‘Many global legacy OEMs are moving into new technologies’

Guruprasad Mudlapur, President of Bosch Group in India, shares with Autocar Professional, the changes in India’s automotive ecosystem and impact of new trends like premiumisation and hydrogen.

By Shruti Mishra calendar 12 May 2024 Views icon5442 Views Share - Share to Facebook Share to Twitter Share to LinkedIn Share to Whatsapp
‘Many global legacy OEMs are moving into new technologies’

Bosch's business focus areas include electrification, hydrogen technology, power tools, and powertrains. Premiumisation in vehicles, driven by increased electronic architecture, is enhancing user experience and adding features like connectivity, ADAS, and over-the-air updates. In India, the shift towards premiumisation in vehicles is aligning with global trends, leading to increased content per vehicle, including safety features and advanced technology. Guruprasad Mudlapur, President of the Bosch Group in India, and Managing Director, Bosch Limited shares details on how these emerging trends are influencing the company.

In 2023, you mentioned that going forward, the company focus would be on electrification, hydrogen, power tools and powertrain technologies. How do you read the market now?

Simply put, we are shifting from internal combustion engines to electrification. And as we make this shift, one fundamental thing that is changing is the electric vehicles. There is no legacy to follow in this space.

Many global OEMs today have given up on their legacy and are moving into new technologies. In the process, they are bringing in new features into the vehicles. This trend is also coming into India but at a small scale. However, this is a global trend, and it will become big here eventually.

How would you define premiumisation?

Look at the high levels of Electrical Electronic (E/E) architecture in modern cars where OEMs or technology providers are able to bring in a lot of new features in terms of premiumisation. These could be in the form of connectivity, ADAS, new software downloads, and so on. For us, these are great ways to increase the user experience of a vehicle for the consumer.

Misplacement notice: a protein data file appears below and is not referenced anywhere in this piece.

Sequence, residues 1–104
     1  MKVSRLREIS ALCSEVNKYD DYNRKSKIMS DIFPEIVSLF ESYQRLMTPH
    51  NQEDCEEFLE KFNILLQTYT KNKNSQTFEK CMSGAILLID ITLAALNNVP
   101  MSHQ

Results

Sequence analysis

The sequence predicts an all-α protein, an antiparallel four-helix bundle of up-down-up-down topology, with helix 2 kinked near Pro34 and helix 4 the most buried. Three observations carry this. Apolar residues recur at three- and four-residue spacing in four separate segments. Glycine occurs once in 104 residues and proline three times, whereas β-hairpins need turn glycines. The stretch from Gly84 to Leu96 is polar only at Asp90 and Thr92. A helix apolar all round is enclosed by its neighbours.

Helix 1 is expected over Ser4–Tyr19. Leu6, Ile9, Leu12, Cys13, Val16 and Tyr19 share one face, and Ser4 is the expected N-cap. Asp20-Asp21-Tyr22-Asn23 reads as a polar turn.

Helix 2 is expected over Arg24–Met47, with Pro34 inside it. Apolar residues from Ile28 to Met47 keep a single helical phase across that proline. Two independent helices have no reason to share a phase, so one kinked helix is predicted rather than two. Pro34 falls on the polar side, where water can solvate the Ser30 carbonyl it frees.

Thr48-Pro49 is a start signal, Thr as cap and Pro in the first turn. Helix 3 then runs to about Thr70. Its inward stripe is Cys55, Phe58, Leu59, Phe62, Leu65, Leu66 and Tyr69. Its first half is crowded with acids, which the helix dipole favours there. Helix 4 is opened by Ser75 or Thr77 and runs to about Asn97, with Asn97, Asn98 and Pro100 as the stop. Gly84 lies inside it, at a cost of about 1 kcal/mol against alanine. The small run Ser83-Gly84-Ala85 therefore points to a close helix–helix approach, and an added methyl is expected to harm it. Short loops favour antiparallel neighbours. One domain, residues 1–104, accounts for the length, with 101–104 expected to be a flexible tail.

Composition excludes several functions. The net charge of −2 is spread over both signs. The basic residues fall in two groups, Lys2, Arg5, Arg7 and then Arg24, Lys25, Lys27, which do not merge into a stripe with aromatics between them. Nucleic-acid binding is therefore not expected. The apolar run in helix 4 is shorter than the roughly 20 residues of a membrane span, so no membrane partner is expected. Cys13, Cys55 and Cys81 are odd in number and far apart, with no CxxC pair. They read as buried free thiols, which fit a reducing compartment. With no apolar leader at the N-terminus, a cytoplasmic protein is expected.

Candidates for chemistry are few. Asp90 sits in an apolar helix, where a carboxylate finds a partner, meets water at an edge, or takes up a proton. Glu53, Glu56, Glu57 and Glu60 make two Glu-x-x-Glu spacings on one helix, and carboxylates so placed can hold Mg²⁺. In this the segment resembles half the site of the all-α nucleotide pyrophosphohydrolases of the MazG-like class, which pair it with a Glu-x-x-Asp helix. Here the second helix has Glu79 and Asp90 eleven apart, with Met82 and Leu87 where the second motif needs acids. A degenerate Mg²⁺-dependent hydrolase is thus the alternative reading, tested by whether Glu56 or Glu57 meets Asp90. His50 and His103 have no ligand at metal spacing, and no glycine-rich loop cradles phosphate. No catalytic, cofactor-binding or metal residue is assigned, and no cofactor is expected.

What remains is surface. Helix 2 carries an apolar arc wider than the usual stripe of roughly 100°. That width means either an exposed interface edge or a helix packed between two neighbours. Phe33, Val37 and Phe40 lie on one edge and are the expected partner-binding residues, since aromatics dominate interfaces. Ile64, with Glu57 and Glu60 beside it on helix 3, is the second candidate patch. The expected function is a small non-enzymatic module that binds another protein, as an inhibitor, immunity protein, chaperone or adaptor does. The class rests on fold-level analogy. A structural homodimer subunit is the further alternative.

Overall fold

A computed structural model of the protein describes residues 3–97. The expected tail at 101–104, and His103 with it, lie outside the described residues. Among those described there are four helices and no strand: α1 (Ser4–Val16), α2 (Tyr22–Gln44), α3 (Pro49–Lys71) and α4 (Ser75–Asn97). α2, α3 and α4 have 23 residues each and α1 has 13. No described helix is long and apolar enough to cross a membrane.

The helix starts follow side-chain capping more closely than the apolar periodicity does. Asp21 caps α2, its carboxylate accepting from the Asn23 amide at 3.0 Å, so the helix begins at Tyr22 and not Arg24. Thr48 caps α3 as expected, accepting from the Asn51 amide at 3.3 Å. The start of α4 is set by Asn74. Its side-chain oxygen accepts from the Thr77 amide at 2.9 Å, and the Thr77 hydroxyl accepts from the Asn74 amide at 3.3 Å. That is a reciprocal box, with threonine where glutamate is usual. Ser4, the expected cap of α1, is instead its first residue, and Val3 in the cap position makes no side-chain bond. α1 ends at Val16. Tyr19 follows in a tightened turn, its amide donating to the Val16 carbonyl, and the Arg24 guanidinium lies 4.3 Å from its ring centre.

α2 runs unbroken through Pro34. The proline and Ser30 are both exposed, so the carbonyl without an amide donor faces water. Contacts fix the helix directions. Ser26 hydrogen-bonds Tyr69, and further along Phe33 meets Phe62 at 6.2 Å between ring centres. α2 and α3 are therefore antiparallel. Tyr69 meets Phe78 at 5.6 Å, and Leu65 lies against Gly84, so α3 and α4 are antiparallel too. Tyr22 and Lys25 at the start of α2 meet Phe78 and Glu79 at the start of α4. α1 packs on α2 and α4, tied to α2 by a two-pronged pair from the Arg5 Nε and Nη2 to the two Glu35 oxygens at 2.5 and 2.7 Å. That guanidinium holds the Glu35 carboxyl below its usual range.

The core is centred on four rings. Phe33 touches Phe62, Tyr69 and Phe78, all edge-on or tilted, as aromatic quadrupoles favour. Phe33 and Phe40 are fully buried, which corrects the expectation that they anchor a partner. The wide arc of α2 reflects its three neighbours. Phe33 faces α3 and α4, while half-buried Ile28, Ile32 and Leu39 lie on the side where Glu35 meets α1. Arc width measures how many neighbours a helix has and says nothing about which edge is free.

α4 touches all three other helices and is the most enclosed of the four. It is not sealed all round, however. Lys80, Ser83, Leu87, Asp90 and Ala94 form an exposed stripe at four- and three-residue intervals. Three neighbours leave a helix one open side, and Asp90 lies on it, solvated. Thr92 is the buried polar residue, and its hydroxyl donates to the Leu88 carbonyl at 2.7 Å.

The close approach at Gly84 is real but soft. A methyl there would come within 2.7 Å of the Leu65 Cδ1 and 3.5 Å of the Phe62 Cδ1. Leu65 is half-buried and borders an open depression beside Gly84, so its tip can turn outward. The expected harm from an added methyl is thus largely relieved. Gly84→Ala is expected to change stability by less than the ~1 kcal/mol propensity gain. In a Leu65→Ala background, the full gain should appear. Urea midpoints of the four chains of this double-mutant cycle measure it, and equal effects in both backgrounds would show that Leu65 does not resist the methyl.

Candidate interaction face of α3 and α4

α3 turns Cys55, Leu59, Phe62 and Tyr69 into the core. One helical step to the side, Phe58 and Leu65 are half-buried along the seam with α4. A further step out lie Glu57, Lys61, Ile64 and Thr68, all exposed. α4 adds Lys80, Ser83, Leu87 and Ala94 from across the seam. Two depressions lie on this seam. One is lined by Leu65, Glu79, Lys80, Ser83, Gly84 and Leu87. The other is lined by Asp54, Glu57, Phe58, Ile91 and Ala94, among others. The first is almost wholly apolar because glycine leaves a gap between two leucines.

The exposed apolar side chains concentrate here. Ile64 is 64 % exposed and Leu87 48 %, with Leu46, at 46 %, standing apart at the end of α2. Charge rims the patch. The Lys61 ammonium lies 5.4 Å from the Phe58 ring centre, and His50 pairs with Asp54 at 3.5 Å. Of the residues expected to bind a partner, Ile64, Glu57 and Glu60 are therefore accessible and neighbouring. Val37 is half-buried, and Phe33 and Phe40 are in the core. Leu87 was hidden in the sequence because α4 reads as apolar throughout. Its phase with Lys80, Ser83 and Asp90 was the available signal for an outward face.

Globally, we've always been at the forefront, doing this for several global OEMs and we are doing the same in the Indian context as well. For instance, most of the cars recently launched in India have an extremely wide screen for customers to engage with. Earlier, the dashboard would contain a small analogue cluster and the user interface of the vehicle would only enable looking at the speed, RPM, fuel gauge, etc. However, these days, with a larger screen (or multiple screens at times), a lot of content is being exchanged with the driver or the occupants of the car.  Premiumisation is not just about bringing in the comfort aspects, but also the add-on features and technologies in the car like driver drowsiness monitoring that we are offering.

What’s the impact of premiumisation in a price conscious market for Bosch?

Until a few years ago, OEMs sold perhaps majority of its cars in the sub Rs 7.5 lakh to Rs 8 lakh range and that scale has now shifted to around Rs 12 lakh to Rs 15 lakh.Most of the cars in the latter price bracket are coming with many technology features. Without any legislation, ESP became a norm and about 70-75% penetration of electronic stability control is there in the car these days. From digital signal processing, higher fuel efficiency norms to advanced user experience controls in the car or other features above and beyond electrification, Bosch is a leader in several of these technologies. Hence, both in terms of technology upgrades and content per vehicle updates, we stand to gain quite a lot.

In your view, how will the ‘premiumisation’ market shape up for Bosch?

To start with, we need to be distinct about which category of vehicles we are talking about. Earlier, cars usually had typical features like fuel injection equipment, some ABS or ECUs, and so on. However, today, the content has moved up to include a lot of software led features, which are sometimes hard to quantify in terms of numbers, but they could either be a one-time delivery or on a pay-per-use kind of business model.

If you take an EV, the contents in an e-axle have substantially increased. In ICE, in the transition from BS4 to BS6, our content has gone up significantly and the safety norms have increased as well. In fact, content has nearly doubled in terms of safety norms. On top of that, premiumisation revolving around user experience and related features have also come in. So, it’s difficult to state one specific number because it varies widely.

What’s the score on growth and revenues considering some sectors like CVs are witnessing sluggish trends?

Overall, I think the volume growth will certainly be both in passenger vehicles and two-wheeler segments. Three-wheelers have caught up as well and we are back on track in this space. With commercial vehicles, there is a little bit of sluggishness. But owing to multiple changes in legislation and axle norms, the sector has risen from the all-time low it experienced a couple of years ago. Moreover, good roads and infrastructure have enabled more usage of vehicles today and typical driving distances have increased. All of these have changed the base for commercial vehicles so there is a little bit of sluggishness. But heavy commercial vehicles have recovered. We are already the third largest auto market worldwide, and we will see substantial growth in vehicle volumes by 2030.